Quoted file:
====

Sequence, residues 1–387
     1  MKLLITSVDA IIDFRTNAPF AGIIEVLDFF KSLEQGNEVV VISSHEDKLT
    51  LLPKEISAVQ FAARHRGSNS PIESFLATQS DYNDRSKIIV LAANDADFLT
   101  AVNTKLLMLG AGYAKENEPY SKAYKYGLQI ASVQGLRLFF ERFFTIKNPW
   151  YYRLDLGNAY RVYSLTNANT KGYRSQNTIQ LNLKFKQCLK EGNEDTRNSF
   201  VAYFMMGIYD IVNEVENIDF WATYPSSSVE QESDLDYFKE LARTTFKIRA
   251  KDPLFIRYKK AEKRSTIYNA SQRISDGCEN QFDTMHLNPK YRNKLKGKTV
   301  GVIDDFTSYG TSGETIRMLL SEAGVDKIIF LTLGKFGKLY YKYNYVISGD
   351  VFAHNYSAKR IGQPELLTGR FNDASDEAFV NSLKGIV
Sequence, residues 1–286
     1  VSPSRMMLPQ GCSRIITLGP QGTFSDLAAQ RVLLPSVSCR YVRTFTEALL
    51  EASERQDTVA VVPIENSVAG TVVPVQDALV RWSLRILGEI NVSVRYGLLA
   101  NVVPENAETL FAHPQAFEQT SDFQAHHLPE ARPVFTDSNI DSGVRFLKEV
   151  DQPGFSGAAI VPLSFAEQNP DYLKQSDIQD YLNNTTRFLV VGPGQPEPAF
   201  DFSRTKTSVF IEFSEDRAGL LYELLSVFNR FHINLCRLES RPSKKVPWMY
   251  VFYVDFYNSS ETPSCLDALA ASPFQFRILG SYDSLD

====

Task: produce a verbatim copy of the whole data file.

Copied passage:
Sequence, residues 1–387
     1  MKLLITSVDA IIDFRTNAPF AGIIEVLDFF KSLEQGNEVV VISSHEDKLT
    51  LLPKEISAVQ FAARHRGSNS PIESFLATQS DYNDRSKIIV LAANDADFLT
   101  AVNTKLLMLG AGYAKENEPY SKAYKYGLQI ASVQGLRLFF ERFFTIKNPW
   151  YYRLDLGNAY RVYSLTNANT KGYRSQNTIQ LNLKFKQCLK EGNEDTRNSF
   201  VAYFMMGIYD IVNEVENIDF WATYPSSSVE QESDLDYFKE LARTTFKIRA
   251  KDPLFIRYKK AEKRSTIYNA SQRISDGCEN QFDTMHLNPK YRNKLKGKTV
   301  GVIDDFTSYG TSGETIRMLL SEAGVDKIIF LTLGKFGKLY YKYNYVISGD
   351  VFAHNYSAKR IGQPELLTGR FNDASDEAFV NSLKGIV
Sequence, residues 1–286
     1  VSPSRMMLPQ GCSRIITLGP QGTFSDLAAQ RVLLPSVSCR YVRTFTEALL
    51  EASERQDTVA VVPIENSVAG TVVPVQDALV RWSLRILGEI NVSVRYGLLA
   101  NVVPENAETL FAHPQAFEQT SDFQAHHLPE ARPVFTDSNI DSGVRFLKEV
   151  DQPGFSGAAI VPLSFAEQNP DYLKQSDIQD YLNNTTRFLV VGPGQPEPAF
   201  DFSRTKTSVF IEFSEDRAGL LYELLSVFNR FHINLCRLES RPSKKVPWMY
   251  VFYVDFYNSS ETPSCLDALA ASPFQFRILG SYDSLD